A November article in the Economist looked at the drivers for the recent growth in corporate venture capital (CVC) activity, noting that a broad range of companies (from 7-Eleven and Boots to BMW and Citigroup) are making investments in startups.
Setting up VC arms is a way to identify life-threatening changes to their business early, so that they can adapt or, better yet, get in on the act, says Ben Veghte of America’s National Venture Capital Association"
It's clear there has been a surge in this area: the number of CVC units worldwide has doubled to 1,100 over the past five years, and that 25 of the 30 firms making up the Dow Jones Industrial index have one. What's up for discussion and debate are the drivers for this growth. Some view the rising CVC activity as a bubble driven by available cash and a hot IPO market that is likely burst -- as previous CVC booms have done.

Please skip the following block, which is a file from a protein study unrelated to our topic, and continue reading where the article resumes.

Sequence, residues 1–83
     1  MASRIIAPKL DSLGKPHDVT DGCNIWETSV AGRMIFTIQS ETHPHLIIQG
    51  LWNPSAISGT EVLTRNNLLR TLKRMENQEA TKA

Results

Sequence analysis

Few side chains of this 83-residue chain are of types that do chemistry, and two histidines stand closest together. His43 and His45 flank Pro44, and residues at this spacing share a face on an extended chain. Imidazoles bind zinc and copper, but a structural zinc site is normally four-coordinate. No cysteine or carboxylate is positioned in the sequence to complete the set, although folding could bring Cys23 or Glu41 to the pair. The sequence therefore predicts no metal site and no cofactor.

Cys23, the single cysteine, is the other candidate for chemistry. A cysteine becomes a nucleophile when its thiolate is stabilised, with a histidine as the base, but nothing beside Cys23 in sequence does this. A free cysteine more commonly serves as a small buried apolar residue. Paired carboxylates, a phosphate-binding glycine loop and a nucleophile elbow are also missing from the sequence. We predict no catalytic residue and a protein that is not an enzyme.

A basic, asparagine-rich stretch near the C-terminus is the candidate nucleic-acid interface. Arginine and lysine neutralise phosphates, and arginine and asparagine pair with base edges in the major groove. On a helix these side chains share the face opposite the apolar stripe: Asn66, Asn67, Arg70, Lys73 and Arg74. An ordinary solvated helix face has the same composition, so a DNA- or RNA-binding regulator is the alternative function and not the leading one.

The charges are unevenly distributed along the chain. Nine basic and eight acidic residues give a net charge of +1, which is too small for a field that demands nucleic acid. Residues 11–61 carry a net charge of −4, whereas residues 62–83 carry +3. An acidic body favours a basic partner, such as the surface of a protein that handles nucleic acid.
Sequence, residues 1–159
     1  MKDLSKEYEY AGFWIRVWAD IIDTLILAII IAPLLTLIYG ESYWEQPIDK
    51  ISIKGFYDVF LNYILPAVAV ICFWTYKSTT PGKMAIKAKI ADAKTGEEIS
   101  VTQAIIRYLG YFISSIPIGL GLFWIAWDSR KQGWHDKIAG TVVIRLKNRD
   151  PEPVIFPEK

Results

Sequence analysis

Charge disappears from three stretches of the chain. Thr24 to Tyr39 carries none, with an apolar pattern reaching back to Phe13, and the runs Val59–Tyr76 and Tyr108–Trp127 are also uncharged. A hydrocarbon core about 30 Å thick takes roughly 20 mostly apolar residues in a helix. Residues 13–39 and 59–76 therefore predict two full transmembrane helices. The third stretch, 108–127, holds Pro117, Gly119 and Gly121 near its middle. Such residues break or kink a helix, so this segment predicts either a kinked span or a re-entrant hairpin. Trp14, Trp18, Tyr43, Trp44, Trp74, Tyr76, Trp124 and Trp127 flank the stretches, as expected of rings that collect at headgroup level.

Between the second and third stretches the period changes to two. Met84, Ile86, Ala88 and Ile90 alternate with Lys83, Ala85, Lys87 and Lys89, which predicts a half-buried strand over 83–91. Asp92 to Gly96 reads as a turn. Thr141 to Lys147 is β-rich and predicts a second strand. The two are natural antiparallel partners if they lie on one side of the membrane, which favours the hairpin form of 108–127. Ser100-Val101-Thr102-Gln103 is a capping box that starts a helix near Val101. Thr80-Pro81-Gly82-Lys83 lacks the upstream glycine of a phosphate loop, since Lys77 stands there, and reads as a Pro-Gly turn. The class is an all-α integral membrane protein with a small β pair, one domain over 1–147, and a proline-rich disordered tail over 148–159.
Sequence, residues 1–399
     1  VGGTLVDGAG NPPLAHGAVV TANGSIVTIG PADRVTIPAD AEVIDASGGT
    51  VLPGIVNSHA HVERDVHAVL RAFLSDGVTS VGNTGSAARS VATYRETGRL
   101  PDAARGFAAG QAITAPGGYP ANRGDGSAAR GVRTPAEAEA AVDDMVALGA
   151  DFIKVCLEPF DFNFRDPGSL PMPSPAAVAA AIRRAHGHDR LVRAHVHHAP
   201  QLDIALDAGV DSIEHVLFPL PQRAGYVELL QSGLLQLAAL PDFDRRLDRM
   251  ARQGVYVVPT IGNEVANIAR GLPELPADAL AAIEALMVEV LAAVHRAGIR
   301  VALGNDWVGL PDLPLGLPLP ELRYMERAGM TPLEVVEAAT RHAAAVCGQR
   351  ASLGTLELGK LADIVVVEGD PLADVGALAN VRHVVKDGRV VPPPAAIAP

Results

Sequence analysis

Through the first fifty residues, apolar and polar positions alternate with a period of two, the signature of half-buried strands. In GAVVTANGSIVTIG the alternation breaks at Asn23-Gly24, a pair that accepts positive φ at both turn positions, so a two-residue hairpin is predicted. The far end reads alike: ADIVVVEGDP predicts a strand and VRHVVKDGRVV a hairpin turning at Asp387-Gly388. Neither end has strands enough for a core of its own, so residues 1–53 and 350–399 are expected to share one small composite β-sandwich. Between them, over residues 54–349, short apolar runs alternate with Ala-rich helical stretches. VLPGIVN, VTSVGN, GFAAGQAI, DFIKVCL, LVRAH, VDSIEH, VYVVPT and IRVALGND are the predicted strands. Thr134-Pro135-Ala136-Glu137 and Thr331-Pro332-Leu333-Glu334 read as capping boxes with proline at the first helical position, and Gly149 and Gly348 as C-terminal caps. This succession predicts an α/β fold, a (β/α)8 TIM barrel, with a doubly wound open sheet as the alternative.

Others see new elements: a desire to make strategic investment in new companies that align with corporations' long-term strategies, and a fear that their current businesses could be disrupted by these same class of startups. And there is the lure of faster, less-expensive innovation that these small, agile companies could provide (compared to internal R&D).
What's your view -- will the trend continue? And what's the best purpose for corporate venture capital investments?
-- Segundo Saenz